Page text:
June 13, 2011


Chinese feed mills turning to cheaper wheat from corn


China's feed mills are using more cheap wheat as a substitute for corn, with wheat prices now 9.3% below corn as the wheat harvest nears, traders said Friday (Jun 10).


Physical wheat in most of China's northern areas was more than RMB200 (US$31) per tonne cheaper than corn, enough to attract feed mills, and the price gap is likely to expand further after large quantities of new wheat hit the market, they said.


Chinese farmers have finished harvesting half their wheat crop this week and the government has said it expects a bumper harvest.


"Feed mills are already using more wheat in feed rations and now with the big price gap, more are encouraged to shift to wheat," said one industry analyst with the China National Grains and Oils Information Centre (CNGOIC).


The corn-wheat spread was the largest since 2007, when corn was RMB350 (US$54)/tonne higher, triggering Beijing to restrict the expansion of the booming corn processing industry and ban expansion of ethanol production.


"We have now substituted 30% of corn with wheat in our feed rations," said one official with a leading feed mill in Shandong, the country's top poultry breeding province.


In 2007 some 13 million tonnes of wheat was used to substitute corn and this year the volume will be higher due to China's rising animal feed production, said the CNGOIC analyst.


A large volume of substitution could help ease record Chinese corn prices. US corn hit an all-time high on Thursday as rain delays to seeding triggered concerns of fewer supplies in the world's top exporter.


China, the world's second-largest corn consumer, imported one million tonnes of corn from the US in March to help replenish low state reserves, but imports were limited by tight US corn supplies and higher prices.


Beijing has been releasing state corn and feed wheat reserves to help cover the deficit. By this week, the government had sold a total of 740,325 tonnes of feed wheat and it has sold altogether 28.4 million tonnes of corn since April last year.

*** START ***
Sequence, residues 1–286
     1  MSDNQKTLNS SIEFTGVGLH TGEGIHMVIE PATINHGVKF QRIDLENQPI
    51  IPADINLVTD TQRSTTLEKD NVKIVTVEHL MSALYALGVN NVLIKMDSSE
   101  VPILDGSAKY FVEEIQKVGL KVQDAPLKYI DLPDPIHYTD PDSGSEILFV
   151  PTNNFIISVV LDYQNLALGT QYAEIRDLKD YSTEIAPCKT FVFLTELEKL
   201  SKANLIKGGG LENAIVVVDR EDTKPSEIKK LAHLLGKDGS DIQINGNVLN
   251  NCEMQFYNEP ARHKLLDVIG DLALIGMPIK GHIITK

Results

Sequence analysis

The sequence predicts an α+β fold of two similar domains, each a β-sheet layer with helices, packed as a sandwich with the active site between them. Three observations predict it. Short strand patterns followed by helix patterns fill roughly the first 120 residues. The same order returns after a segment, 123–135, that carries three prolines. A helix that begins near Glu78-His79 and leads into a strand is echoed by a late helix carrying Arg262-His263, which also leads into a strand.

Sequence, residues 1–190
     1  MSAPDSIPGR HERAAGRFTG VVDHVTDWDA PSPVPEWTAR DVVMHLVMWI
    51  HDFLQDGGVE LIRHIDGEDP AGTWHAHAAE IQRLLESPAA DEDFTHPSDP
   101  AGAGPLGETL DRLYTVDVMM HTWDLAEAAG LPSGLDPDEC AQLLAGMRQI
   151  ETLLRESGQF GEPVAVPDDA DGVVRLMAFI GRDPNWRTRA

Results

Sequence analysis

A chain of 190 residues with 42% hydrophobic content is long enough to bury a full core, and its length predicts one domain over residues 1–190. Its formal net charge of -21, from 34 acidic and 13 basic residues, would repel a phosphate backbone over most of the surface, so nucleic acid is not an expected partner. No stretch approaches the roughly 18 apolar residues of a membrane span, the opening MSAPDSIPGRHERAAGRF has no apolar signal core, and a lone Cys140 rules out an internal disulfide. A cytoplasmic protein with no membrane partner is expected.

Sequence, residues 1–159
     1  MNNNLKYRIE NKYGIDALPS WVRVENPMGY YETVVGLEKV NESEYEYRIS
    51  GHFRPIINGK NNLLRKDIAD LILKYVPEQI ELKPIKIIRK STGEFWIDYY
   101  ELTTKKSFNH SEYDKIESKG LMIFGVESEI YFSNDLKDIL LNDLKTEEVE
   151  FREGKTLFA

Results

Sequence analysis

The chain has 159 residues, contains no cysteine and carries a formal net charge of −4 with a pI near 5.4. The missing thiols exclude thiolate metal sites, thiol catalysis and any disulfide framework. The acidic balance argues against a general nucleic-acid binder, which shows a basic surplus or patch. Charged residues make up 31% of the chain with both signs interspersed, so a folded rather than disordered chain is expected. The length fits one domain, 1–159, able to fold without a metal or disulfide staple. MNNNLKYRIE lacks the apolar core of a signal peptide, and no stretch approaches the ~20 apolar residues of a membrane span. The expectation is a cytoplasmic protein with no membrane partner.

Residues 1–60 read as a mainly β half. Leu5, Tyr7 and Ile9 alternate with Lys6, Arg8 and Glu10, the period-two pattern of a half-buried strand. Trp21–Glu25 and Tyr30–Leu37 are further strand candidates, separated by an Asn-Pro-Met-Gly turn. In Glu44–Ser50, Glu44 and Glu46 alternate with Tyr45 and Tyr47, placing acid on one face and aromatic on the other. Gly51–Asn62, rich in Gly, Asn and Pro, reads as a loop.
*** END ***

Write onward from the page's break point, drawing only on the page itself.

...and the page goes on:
Excessive rains coupled with low temperatures in China's northeast corn belt have triggered concerns over this year's corn harvest, although farmers have replanted some of the crop with seedlings damaged by rains.


"In both Heilongjiang and Jilin provinces, emergence is behind normal levels due to rainy weather and low temperatures. The team also observed that germination was spotty in some locations with skipped spaces and an occurrence of hand replanting," said the US Grains Council.


The council has recently visited the provinces and said China's corn planting acreage was expected to "increase marginally as farmers experienced good prices in 2010 with increased demand."


Besides a large acreage and lower emergence, findings by a crop tour organised by the Dalian Commodity Exchange also showed planting costs for corn farmers in parts of Liaoning province have increased by 15% to 20% this year.


Farmers in some areas in drought-hit central provinces, where drought had hit plantings of early season rice, have also shifted to grow corn, said the CNGOIC analyst.


Like in 2007, Beijing moved again to try to limit use of corn by processors to ensure supplies for feed mills. Demand by processors has been underestimated by the government and the industry was blamed for rising corn prices and tight supplies.


The State Grain Administration this week announced a nationwide investigation into industry capacity expansion and corn consumption after taking a series of measures in April to curb industry demand.

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